Around 45,000 police were deployed throughout France on Saturday in anticipation of a fifth night of violence sparked by police shooting a teenager. In an effort to quell the rioting that has swept the country, authorities in the capital, and large cities such as Marseille, Strasbourg, and Lyon, all tightened security measures.
France’s Interior Minister Gerald Darmanin tweeted at night that the situation had been calmer than previous ones, thanks to the “resolute action taken by the security forces”. Around 427 people had been arrested overnight, Darmanin added.
Earlier in the day, Darmanin had announced that reinforcements of riot police were being deployed in Marseille, Lyon and Grenoble. A curfew was also set in place in the city of Colombes, near Paris. Police officers in the capital itself patrolled the Champs-Élysées, seizing suspicious objects, and 37 people were arrested for possession of weapons, according to the Prefecture de Police on Twitter.
France’s Interior Minister also issued a warning to parents on Saturday, vowing that law enforcement and the prosecutor’s office would hold them responsible for any damage caused by their children.“We have arrested arsonists who are 12, 13-years old. When you are 12 or 13-years old, there is an indisputable responsibility of the parents”, he stressed.
French Justice Minister Eric Dupond-Moretti said that French prosecutors should ask internet operators for the IP addresses of young people fomenting riots on the Snapchat app.
Elisabeth Borne, the country’s Prime Minister, also went on Twitter to praise the “exemplary courage” of the police “in the face of violence”.
Earlier in the day, Nahel Merzouk, the teenager of Algerian descent who was shot and killed by a police officer during a traffic stop, was buried at a cemetery in Nanterre. Hundreds showed up at the suburb west of Paris to pay tribute.
Fifth Night of Riots in France
The total number of arrests which took place in various French cities on Saturday night reached 1,311, according to various reports. The French Ministry of the Interior said that 80 arrests were confirmed in Paris. Police in the capital repelled people gathered at Arc de Triomphe to prevent a rally being held there, a Sputnik correspondent reported. About 3,000 people gathered there late on Saturday night, after calls on social media to hold a protest there.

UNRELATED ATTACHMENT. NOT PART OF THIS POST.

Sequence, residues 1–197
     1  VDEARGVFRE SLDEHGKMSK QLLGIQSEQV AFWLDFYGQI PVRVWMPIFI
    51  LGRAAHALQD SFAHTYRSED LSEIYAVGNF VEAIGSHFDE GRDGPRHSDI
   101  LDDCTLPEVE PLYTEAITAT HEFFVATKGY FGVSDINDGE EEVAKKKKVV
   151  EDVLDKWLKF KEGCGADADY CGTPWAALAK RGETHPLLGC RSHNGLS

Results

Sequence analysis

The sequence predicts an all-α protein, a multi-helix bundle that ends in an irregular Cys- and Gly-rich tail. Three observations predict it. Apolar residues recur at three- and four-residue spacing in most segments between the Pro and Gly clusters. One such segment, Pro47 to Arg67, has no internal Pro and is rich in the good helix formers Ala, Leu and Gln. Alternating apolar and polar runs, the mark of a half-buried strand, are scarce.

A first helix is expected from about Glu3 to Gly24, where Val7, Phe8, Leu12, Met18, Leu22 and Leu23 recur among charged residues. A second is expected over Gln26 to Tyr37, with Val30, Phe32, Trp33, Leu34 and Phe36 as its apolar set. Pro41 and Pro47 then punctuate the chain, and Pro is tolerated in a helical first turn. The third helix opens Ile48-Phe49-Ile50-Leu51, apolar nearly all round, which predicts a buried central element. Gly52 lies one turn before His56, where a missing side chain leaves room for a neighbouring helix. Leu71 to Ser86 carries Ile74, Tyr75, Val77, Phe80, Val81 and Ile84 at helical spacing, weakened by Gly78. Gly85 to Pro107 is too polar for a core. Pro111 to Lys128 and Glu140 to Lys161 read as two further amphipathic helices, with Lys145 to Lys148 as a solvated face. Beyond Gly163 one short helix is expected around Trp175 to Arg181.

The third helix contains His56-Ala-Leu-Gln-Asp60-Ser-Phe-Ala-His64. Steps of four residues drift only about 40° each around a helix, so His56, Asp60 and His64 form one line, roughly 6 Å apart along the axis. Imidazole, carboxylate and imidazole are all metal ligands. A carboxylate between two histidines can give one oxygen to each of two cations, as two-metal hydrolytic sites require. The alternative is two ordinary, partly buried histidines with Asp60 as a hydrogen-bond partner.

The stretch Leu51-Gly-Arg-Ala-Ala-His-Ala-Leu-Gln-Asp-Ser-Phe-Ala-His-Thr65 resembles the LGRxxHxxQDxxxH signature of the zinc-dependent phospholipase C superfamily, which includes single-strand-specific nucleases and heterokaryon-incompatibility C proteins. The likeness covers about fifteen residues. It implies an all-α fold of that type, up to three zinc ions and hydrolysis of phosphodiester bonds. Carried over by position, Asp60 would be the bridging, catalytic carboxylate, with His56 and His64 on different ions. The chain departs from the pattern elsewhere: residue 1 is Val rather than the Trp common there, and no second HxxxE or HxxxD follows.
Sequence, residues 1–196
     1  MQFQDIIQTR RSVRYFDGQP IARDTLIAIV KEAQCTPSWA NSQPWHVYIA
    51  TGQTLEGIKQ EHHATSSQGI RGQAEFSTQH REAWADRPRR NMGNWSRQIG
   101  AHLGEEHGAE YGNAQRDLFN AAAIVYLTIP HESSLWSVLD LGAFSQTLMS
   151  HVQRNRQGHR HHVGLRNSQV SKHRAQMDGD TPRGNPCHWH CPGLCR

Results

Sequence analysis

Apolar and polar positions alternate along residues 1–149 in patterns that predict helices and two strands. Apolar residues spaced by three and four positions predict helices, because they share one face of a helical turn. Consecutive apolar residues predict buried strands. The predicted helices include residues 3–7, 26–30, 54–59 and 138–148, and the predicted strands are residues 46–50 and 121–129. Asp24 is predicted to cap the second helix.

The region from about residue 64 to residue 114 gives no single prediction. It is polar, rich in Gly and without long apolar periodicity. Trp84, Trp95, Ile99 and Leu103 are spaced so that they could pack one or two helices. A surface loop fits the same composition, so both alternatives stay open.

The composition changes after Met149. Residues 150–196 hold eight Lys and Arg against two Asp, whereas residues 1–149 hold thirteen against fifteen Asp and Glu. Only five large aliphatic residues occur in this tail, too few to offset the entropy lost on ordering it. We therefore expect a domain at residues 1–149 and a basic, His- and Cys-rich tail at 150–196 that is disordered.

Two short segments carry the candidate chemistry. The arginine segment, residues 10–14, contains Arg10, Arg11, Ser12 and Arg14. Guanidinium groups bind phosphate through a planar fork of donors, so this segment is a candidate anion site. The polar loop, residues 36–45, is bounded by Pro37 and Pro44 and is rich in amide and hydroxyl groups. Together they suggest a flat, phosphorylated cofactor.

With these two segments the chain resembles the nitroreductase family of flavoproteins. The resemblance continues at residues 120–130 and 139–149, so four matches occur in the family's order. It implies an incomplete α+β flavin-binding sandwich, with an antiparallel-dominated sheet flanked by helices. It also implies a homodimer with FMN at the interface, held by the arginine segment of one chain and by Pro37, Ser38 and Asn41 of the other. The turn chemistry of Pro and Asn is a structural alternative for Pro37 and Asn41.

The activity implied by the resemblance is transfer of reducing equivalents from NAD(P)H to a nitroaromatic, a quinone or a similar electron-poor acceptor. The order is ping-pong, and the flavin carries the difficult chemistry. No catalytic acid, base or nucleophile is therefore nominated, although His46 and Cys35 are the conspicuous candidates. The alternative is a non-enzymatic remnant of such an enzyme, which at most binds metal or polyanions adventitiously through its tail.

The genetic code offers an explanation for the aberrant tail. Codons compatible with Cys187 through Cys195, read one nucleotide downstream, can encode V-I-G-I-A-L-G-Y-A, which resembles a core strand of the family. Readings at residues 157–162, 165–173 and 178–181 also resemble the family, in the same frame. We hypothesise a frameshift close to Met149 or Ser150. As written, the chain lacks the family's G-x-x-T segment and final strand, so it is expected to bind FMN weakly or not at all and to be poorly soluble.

Around 55 arrests have been reported in the southern city of Marseille, which witnessed heavy clashes between police and rioters throughout Saturday evening. In the city’s Bouches-du-Rhône prefecture, 29 arrests were reported. The city’s public library was set ablaze.
There were looting attempts on Canebiere, Marseille’s main shopping precinct.
People reportedly tried to break into the Canebiere fire station.
“All potentially violent groups in the city centre of Marseille have been systematically dispersed by the police and gendarmes, and if necessary, with the use of tear gas,” the authorities stated.
In Lyon, at least 21 people had been arrested after being caught in possession of mortars. Others were seized for “carrying prohibited weapons, and violence against a person holding authority and theft”, according to reports.
Lille, in northern France, witnessed a heavy presence of police special forces – Recherche, Assistance, Intervention, Dissuasion (Research, Assistance, Intervention, Deterrence – RAID) – out in the streets.
In Grigny, a suburb in the south of Paris, a building was set ablaze.
Christian Estrosi, mayor of Nice on the French riviera in the south, said the city center was looted by a “gang of young people”, who were “quickly arrested”.
Vincent Jeanbrun, Mayor of L’Haÿ-les-Roses, in the southern suburbs of Paris, went on Twitter to reveal that his home had been attacked, and his family was the victim of “an assassination attempt”. Jeanbrun said that his wife and one of his children were injured while fleeing from the unknown assailants, who rammed his house with a car and then torched the vehicle.
Footage on the internet showed instances of looting by gangs of young people, and random acts of violence across France.
Violent unrest erupted in Nanterre, France, after the shooting of a 17-year-old driver by a police officer during a routine traffic check on 27 June. The teenager reportedly refused to comply with police instructions. The autopsy showed that Nahel died from a single shot by the officer. A criminal case of intentional homicide was opened against the police officer. Investigators concluded that the legal conditions for the usage of firearms had not been observed.
Amid the violence, French President Emmanuel Macron informed German President Frank-Walter Steinmeier that he would not be able to visit Berlin as scheduled next week because of the continuing unrest in France, the German Presidency said on Saturday. Macron’s visit was scheduled to take place from 2 to 4 July. Previously, Macron came under harsh criticism for leaving France amid protests on Wednesday to attend the concert of British singer Sir Elton John in neighboring Belgium.
We remind our readers that publication of articles on our site does not mean that we agree with what is written. Our policy is to publish anything which we consider of interest, so as to assist our readers in forming their opinions. Sometimes we even publish articles with which we totally disagree, since we believe it is important for our readers to be informed on as wide a spectrum of views as possible.